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What is Posterior Tibial Tendonitis?

 

Posterior tibial tendonitis is a condition that occurs when the posterior tibial tendon, a tendon that runs along the inside of the ankle and foot and helps to support the arch of the foot, becomes inflamed. This can cause pain, swelling, and difficulty walking or standing on the affected foot.

Symptoms of posterior tibial tendonitis may include:

  • Pain along the inside of the ankle and foot, especially when walking or standing

  • Swelling in the ankle and foot

  • Redness and warmth in the ankle and foot

  • Difficulty standing on the toes of the affected foot

Podiatrists, or doctors who specialize in the treatment of foot and ankle conditions, typically treat posterior tibial tendonitis with a combination of rest, physical therapy, and medication. Therapy may involve stretches and exercises to help improve the range of motion in the ankle and foot, as well as to strengthen the muscles in the affected area. Medications such as nonsteroidal anti-inflammatory drugs (NSAIDs) or corticosteroids may be used to reduce inflammation and alleviate pain.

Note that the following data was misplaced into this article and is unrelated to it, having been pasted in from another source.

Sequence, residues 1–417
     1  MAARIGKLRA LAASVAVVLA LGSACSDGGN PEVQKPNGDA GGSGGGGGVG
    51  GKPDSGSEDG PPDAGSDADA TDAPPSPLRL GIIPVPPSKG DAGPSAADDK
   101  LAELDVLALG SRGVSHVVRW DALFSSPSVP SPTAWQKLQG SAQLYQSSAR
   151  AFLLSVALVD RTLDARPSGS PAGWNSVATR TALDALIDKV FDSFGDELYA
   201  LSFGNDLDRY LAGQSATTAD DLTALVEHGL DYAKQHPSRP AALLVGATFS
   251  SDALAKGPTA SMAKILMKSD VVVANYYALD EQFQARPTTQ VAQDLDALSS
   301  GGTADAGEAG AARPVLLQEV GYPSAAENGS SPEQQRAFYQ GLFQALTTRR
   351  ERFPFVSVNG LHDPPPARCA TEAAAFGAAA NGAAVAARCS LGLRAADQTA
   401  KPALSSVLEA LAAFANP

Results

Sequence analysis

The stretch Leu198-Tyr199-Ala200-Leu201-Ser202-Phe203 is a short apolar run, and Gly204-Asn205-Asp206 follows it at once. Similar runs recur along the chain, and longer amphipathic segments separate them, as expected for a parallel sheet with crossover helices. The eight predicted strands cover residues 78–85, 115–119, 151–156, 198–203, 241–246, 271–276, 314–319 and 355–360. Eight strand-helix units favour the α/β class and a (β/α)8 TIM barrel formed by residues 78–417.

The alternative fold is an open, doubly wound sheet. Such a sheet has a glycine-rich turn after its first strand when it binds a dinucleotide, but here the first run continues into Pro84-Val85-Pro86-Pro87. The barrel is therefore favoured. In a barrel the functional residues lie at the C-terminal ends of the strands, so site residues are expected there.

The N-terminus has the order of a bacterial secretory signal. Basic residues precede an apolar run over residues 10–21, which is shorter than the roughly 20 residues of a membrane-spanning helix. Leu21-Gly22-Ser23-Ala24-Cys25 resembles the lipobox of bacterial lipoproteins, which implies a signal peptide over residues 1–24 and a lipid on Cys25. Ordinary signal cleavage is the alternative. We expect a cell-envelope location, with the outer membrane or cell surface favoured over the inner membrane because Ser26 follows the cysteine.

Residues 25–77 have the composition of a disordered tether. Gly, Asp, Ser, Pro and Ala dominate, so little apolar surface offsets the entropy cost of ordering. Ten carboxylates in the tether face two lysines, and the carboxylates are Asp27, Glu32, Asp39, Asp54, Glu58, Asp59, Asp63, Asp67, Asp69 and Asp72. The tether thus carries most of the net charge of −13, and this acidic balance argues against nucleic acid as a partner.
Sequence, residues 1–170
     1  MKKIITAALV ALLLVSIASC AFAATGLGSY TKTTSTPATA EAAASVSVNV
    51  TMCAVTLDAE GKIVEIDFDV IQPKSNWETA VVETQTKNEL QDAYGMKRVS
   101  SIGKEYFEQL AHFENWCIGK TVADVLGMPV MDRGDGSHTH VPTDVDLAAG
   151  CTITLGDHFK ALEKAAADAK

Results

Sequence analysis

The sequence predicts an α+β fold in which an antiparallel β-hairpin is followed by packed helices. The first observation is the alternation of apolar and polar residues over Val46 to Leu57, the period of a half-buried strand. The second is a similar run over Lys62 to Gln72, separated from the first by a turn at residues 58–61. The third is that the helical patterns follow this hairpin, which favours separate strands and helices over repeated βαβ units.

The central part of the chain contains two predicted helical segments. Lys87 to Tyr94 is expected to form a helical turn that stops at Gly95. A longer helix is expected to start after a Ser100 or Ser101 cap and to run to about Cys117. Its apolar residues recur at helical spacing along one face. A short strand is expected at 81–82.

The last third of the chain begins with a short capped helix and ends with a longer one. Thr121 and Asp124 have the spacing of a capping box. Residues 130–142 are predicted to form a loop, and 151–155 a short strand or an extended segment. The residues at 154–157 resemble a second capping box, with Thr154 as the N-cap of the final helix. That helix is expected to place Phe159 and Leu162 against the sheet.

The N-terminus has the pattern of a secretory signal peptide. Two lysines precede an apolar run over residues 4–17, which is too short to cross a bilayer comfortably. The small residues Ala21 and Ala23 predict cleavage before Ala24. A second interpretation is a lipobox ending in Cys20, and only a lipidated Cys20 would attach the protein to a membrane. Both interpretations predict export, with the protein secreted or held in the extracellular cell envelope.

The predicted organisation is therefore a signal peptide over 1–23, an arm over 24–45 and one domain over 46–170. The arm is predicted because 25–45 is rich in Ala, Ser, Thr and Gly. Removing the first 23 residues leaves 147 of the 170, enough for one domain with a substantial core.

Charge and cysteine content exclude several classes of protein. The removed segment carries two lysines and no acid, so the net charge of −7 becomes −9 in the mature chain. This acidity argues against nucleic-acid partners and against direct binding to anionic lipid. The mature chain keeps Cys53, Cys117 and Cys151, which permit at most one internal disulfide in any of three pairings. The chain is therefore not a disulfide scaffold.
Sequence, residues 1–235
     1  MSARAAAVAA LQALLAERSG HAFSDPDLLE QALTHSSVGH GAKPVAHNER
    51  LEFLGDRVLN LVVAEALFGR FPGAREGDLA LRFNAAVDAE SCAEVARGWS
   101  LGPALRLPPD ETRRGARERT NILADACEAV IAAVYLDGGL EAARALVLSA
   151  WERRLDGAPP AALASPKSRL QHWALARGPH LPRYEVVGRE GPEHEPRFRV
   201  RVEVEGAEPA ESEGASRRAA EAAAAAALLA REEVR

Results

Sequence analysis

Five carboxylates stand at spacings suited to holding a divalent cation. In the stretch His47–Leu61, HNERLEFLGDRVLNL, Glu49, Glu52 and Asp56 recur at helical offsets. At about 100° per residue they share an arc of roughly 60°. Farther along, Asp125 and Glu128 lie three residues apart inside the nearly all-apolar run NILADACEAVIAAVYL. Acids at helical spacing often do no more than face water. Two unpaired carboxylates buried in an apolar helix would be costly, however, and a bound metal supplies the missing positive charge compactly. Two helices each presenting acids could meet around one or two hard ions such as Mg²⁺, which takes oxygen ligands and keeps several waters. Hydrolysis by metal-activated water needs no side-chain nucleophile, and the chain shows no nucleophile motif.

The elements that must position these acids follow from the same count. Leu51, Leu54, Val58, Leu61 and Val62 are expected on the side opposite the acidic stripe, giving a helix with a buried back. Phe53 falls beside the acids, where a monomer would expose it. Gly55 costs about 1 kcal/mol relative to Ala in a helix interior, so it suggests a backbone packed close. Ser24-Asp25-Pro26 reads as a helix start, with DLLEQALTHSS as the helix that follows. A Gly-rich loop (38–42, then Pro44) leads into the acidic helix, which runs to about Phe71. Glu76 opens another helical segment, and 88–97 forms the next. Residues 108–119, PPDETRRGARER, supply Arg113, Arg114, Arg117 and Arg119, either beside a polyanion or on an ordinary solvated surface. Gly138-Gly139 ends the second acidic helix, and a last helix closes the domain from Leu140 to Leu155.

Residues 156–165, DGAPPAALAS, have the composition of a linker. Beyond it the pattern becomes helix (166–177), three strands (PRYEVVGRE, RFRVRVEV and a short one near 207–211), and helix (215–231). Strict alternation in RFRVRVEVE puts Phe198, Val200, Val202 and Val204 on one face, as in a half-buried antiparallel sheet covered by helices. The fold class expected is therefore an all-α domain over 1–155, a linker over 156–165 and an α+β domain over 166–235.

In some cases, a podiatrist may recommend wearing a custom-made orthotic device, such as a foot brace or insole, to help support the arch of the foot and reduce strain on the posterior tibial tendon. In severe cases, surgical intervention may be necessary to repair or reconstruct the damaged tendon.

If you are experiencing symptoms of posterior tibial tendonitis, it is important to consult a podiatrist or other healthcare professional for an accurate diagnosis and appropriate treatment.

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